TAMPA —- The new executive director of the Southwest Florida Water Management District is a 50-year-old engineer from Jupiter who has never worked for a Florida government agency before.
Taking the job means taking a pay cut.
The board of the agency commonly known as Swiftmud, which oversees the water supply in a 16-county area, decided late Monday to hire Blake Guillory, vice president of the engineering firm of Brown & Caldwell.
Guillory told them he'd take the job, but details of his contract remain to be worked out, said Swiftmud chairman Paul Senft.
The board picked him over the other finalist out of 51 applicants, David Chardavoyne, whom Swiftmud officials recently learned had sued two previous employers for breach of contract.
In selecting its finalists the Swiftmud board rejected three of the agency's deputy executive directors who had also applied for the job.
"With the changes we're faced that are coming down from the governor's office ... it was essential to have someone from the outside," explained board member Neil Combee.
Combee said he and other board members were impressed with Guillory's knowledge of Florida water issues. He is in charge of Brown & Caldwell offices throughout the state, and his family owns a 200-acre farm in DeSoto County.
It helped, too, that Guillory had met with Department of Environmental Protection Secretary Herschel Vinyard and gotten his blessing, Combee said.
Guillory will be replacing Dave Moore, a longtime Swiftmud employee who was promoted to executive director in 2003. Moore, who announced his resignation in May, was making $194,000.
In his application, Guillory told the Swiftmud board he was making $175,000 a year at Brown & Caldwell. Last week, Gov. Rick Scott told all five of the state's water management districts he wants their executive directors' salaries capped at $165,000 and called for more budget cuts.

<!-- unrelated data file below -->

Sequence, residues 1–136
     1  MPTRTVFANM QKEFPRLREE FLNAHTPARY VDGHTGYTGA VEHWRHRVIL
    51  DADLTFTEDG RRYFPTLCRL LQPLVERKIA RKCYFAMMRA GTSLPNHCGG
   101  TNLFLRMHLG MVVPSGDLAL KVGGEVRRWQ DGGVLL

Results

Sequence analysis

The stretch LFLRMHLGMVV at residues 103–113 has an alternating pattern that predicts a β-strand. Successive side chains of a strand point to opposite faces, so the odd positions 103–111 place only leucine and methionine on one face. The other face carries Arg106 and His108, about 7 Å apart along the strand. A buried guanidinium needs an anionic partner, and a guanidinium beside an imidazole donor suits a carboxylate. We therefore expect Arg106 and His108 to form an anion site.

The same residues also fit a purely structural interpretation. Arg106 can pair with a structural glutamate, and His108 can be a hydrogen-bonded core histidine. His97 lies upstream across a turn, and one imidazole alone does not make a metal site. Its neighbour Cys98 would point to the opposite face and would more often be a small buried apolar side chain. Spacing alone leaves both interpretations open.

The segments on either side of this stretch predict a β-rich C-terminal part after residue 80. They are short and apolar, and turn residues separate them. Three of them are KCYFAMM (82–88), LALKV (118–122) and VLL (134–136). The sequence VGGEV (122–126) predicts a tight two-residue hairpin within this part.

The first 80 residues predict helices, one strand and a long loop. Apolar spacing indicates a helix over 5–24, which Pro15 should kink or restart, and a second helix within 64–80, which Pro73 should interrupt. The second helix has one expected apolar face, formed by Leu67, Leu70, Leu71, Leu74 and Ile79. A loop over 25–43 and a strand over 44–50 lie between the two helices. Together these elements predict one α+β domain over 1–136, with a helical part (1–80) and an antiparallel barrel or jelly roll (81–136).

Guillory, who has master's degrees in business and engineering from the University of South Florida, wrote in an e-mail to the Times last week that he had no quarrel with Scott's goals. He noted that with four deputy directors, 71 employees in information technology, and hundreds more in administration, the agency "seems significantly out of balance."
Chardavoyne has experience running a water agency in San Antonio, Texas. However, in addition to suing two employers, he left the Texas job under an agreement that paid him $412,000 in exchange for a promise not to sue. And a racial discrimination lawsuit filed against him and the Texas utility resulted in a $635,000 settlement.
Chardavoyne contended that "any seasoned senior executive who has a full career in terms of experience will run into lawsuits," he said. But Guillory, who has spent 20 years as a consultant to Florida city and county governments and the three largest water management districts, said he has never been sued nor has he sued anyone else.
Craig Pittman can be reached at email@example.com.